When David Brooks Left Mayberry Behind
Apr. 15, 2015 (Mimesis Law) — There isn’t much need for an explanation as to the positive reasons for cops to wear body cams. They’re no panacea, but they clearly provide significant benefits both in reduction of use of force, as well as protection of officers from false claims.
Problems? Sure. Privacy is a big one, though with millions of hours of video taken daily, it’s unlikely that much will surface, needlessly revealing people at their worst moments, that shouldn’t come to light for more substantive reasons. Of course, that means we need to trust police to keep video of naked women private, rather than trade them amongst themselves or put them on the internet.
Can we trust the cops? That’s a question raised by David Brooks in the New York Times, which he suggests is at risk from the very action of putting camera to cop.
Cop-cams chip away at that. The cameras will undermine communal bonds. Putting a camera on someone is a sign that you don’t trust him, or he doesn’t trust you. When a police officer is wearing a camera, the contact between an officer and a civilian is less likely to be like intimate friendship and more likely to be oppositional and transactional. Putting a camera on an officer means she is less likely to cut you some slack, less likely to not write that ticket, or to bend the regulations a little as a sign of mutual care.
This strikes a chord, if you happen to live in Mayberry. Many ridiculed Brooks’ naïveté for having missed the fact that the bond of trust he speaks of died when the smiling faces of Adam-12 were replaced by the masked faces of the SWAT Team, his nostalgic concern raises a serious question that begs for an answer.
Putting a camera on the police officer means that authority resides less in the wisdom and integrity of the officer and more in the videotape. During a trial, if a crime isn’t captured on the tape, it will be presumed to never have happened.
Why don’t the police, you know, the good cops everyone keeps talking about who are made to look bad by the bad cops we keep seeing on video doing terrible things to people, appreciate that the abuse, the violence and the misconduct undermine our faith in their “wisdom and integrity”? Why don’t they do something to stop it?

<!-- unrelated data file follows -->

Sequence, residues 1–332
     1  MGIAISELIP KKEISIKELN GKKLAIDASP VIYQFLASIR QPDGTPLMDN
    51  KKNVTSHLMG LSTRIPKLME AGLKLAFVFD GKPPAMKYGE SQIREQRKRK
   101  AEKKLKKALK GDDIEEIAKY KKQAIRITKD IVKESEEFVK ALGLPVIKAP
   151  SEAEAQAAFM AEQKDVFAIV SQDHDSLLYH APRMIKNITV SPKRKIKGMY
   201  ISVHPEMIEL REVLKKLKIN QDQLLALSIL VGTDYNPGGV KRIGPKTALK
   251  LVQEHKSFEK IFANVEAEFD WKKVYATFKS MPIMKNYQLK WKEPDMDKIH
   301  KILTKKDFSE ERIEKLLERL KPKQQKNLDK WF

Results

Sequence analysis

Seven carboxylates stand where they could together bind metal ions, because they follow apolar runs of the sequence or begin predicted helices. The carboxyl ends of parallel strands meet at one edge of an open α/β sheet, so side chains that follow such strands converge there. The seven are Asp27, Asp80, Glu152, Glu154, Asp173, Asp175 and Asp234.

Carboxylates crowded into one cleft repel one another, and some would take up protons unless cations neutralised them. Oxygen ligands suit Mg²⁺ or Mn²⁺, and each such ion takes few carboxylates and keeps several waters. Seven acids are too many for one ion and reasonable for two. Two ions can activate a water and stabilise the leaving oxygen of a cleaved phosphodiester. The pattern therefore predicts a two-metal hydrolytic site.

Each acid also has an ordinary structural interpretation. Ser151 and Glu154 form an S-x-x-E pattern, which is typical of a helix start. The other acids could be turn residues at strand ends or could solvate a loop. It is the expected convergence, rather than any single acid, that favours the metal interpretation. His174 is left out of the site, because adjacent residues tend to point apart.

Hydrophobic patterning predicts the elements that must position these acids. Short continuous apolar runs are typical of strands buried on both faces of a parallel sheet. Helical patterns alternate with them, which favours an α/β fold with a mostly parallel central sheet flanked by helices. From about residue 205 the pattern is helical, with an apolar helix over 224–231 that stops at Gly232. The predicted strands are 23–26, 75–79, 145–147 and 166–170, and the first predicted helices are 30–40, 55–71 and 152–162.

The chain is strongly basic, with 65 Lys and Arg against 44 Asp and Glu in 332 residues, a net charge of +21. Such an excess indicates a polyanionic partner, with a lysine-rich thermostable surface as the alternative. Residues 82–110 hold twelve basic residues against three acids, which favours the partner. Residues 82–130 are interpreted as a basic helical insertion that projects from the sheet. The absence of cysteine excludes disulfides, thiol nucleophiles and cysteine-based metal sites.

There is an easy answer to this, that the good cops only exist in the memory of guys like Brooks. But that’s too facile, and not true. Rather, the question must begin by defining good cop, and that’s not nearly as easy as it seems.
When a cop helps you, he’s the good cop. When he cuts you a break, he’s good. When a cop saves a kitten up a tree, or offers a cup of joe to a homeless person, we can happily applaud him. But that’s the same cop who, given an invisible change in circumstance, will pull his trigger when he’s angry or frustrated. Maybe for good reason, or maybe because he lost his cool.
The good cop is the one who didn’t fire the eight bullets into the back of an unarmed man, but is he the cop who doctored his report to cover the killing or help his fellow officer by concealing the planted Taser?
We have this tendency, this need, to paint those we don’t understand as caricatures, one-dimensional beings who behave in good, or bad, ways. Cops are people, and like the rest of us, engage in conduct worthy of commendation, as well as conduct they would prefer no one know about.
There is, of course, a difference when their conduct manifests as an abuse of the extraordinary authority we repose in them. We give them a shield and gun, and the leeway to go out in public and use them as they see fit. We entrust them with the power to take another person’s life, and in doing so, we expect them to wield that power wisely.
Does it really undermine that trust to ask them to wear a body cam, to provide us with more than their word as to what happened because we now know too much to go back to the days when Officer Friendly would never do wrong? Cops don’t live under rocks, as much as they would love to believe they deserve the public’s trust. They too see what’s happened, though they see it through their peculiar lens.
Putting a camera on a cop may well make the experience between police officer and citizen more “official,” in the sense that the human experience that could possibly transpire won’t play well upon review by superiors or the public. Then again, cameras that capture a wise exercise of discretion have yet to cause any officer to suffer public condemnation.
Certainly, the possibility exists that a police officer will find the requirement that he wear a body cam an insult to his integrity, a challenge to his trustworthiness. But then, if he’s really the good cop whose wisdom and integrity are above reproach, he will understand why society demands confirmation that he’s conducted himself in the manner we expect of him.
And if an officer is so deeply offended by being forced to wear a body cam, perhaps the only rational conclusion we can draw is that this is the cop we desperately need to keep an eye on, before the video shows us what the cop doesn’t want us to see.